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4 videos that show everything wrong with YouTube right now

It’s safe to say that things haven’t been going well for YouTube’s new commenting system.


Michelle Jaworski

Internet Culture

YouTube, you had one job.

It’s safe to say that things haven’t been going well with the new YouTube comments since it rolled out the feature last week. Along with making anyone who wants to comment sign up for Google+, you can now post links in the comments and post messages as long as you want, leaving plenty of space to post spam links and inappropriate ASCII art. And the same misogyny, gay-bashing, and anti-Semitism that YouTube was trying to get rid of still shows up—as long as the commenter is considered “influential” on Google+. Actual discussion often gets marked as spam.

But worst of all, the comments are preventing YouTube from being a functional website.

NanoBite is trying to run his YouTube channel, but he finds that he’s having trouble performing the most basic functions, like subscribing to channels and rewatching a video, and it’s not from a lack of trying (or from not linking his Google+ profile).

His issues could be blamed on simple glitches. But YouTubers have plenty of other issues with the new changes.

Some, such as Emma Blackery, have chosen to vent their frustration through a song.

Others have simply gone to venting to whoever will listen. YouTube cofounder Jawed Karim has made it clear he doesn’t like the new changes while a CinemaSins parody quickly puts the issues front and center. Or, if you’re like AlphaOmegaSin, your hatred for the new commenting system might make for a 10-minute rant.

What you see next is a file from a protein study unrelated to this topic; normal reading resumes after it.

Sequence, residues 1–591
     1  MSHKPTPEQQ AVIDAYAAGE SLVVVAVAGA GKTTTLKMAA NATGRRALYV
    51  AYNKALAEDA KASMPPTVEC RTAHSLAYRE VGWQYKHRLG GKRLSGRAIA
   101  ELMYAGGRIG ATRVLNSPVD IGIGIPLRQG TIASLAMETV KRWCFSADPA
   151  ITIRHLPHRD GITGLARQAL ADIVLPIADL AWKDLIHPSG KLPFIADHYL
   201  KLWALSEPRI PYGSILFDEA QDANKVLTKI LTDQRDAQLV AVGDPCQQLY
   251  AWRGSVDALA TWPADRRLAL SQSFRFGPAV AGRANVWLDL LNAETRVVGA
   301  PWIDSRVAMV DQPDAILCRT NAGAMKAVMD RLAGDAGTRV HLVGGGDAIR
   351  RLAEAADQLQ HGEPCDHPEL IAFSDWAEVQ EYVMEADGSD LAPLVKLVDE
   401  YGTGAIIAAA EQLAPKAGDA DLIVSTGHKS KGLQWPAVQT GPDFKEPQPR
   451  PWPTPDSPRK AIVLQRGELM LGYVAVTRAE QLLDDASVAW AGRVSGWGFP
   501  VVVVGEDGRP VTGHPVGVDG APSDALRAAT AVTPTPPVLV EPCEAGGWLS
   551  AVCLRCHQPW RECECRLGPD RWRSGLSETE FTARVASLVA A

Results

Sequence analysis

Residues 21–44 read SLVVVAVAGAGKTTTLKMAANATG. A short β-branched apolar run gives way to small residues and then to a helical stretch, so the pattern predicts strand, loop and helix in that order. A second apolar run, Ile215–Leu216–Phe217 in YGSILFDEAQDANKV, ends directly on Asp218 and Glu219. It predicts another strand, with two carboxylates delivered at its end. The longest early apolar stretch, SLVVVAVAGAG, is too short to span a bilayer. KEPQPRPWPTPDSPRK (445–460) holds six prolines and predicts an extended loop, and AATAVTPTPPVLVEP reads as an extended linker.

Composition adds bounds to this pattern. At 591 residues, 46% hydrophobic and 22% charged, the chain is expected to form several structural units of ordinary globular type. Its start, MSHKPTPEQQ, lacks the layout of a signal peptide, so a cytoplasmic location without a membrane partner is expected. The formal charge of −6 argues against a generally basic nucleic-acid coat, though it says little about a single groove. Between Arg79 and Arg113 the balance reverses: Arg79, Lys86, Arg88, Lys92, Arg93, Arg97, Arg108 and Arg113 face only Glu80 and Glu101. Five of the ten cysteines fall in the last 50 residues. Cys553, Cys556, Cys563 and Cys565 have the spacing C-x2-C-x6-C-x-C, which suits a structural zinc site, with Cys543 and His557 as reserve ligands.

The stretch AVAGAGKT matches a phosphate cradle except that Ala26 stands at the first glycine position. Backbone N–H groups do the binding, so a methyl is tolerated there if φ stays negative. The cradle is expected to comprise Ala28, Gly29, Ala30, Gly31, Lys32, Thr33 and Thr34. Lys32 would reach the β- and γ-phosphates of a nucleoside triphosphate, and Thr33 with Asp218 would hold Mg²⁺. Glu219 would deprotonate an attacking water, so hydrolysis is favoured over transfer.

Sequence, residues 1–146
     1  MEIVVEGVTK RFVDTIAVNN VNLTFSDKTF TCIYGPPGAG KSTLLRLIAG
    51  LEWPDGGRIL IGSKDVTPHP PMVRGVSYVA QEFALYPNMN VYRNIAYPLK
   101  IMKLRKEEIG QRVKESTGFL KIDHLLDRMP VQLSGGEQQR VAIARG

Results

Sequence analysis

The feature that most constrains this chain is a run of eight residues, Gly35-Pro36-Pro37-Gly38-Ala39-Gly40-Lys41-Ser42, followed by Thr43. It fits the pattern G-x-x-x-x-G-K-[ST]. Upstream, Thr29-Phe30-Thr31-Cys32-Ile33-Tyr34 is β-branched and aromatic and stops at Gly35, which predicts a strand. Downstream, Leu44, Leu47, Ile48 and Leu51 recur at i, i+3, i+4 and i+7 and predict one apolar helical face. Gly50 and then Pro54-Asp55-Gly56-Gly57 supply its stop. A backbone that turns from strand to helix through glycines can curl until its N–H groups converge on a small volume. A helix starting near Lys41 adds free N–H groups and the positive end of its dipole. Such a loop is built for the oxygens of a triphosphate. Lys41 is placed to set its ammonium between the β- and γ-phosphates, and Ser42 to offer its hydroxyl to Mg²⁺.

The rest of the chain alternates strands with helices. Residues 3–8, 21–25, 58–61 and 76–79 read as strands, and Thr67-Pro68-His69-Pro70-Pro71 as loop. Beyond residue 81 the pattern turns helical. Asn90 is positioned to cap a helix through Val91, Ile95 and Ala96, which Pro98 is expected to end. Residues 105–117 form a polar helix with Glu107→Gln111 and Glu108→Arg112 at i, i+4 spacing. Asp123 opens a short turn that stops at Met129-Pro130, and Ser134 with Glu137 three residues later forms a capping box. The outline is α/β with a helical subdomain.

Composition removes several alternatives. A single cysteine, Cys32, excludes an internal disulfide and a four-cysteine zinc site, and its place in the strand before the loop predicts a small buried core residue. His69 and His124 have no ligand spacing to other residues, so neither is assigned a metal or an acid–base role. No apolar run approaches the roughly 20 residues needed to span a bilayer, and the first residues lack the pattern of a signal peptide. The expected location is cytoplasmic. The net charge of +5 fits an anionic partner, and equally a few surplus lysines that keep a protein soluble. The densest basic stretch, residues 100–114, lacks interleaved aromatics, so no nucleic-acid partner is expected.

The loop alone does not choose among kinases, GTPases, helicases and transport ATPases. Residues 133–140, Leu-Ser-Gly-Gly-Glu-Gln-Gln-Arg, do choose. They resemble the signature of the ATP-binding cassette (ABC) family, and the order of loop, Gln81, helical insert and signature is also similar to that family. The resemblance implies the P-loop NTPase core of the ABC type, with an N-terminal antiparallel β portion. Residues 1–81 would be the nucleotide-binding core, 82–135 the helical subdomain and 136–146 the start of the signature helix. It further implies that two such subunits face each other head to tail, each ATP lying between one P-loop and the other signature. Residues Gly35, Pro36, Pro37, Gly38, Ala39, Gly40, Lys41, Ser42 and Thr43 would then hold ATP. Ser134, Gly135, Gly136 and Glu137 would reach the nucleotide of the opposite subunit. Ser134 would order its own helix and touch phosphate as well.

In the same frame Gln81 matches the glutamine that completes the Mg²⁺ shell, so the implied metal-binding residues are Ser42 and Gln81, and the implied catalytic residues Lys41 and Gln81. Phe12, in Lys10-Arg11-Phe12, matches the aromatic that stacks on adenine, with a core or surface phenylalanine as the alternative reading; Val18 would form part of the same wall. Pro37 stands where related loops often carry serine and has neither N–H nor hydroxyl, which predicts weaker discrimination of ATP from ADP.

To answer those criticisms, John Green rolled out a commenting system on Subbable, the pay-as-you-go service that allows you to give money straight to the content creators, noting that the new YouTube “makes look functional.” His brother Hank took to Tumblr to vocalize what YouTube needs to learn from the rollout reactions.

“If you ask me if I’d like to do something for six months and I keep saying ‘no’ then I will expect, eventually, to get my way,” Hank wrote. “It’s actually far less frustrating if you just force the changes.”

Even with all of the complaints, people are still using YouTube the way YouTube wants them to use YouTube. But that’s already changing.

As the second most-subscribed channel on YouTube, Felix Arvid Ulf Kjellberg’s PewDiePie commands over 15.6 million subscribers. Thousands will watch his videos, but directly because of the changes, they will no longer be able to comment on his videos until YouTube fixes the new commenting system. For him, this is preventing the spread of spam and viruses.

Turning comments off. Pretty sure it’s better than having them on at this point.

— PewDiePie (@pewdiepie) November 9, 2013

Self Advertisers, Advertisers, Spam, Impersonators, the list goes on.. It’s better and cleaner without those clogging up front page, for now

— PewDiePie (@pewdiepie) November 9, 2013

PewDiePie is taking his discussions over to Reddit instead. And others, such as DanNerdCubed and TotalBiscuit, have pledged to follow his lead with the logic that no comments are better than spam.

YouTubers may have finally found something to unite on. But making YouTube comments irrelevant is probably not what YouTube had in mind.

Photo via boogie2988/YouTube

The Daily Dot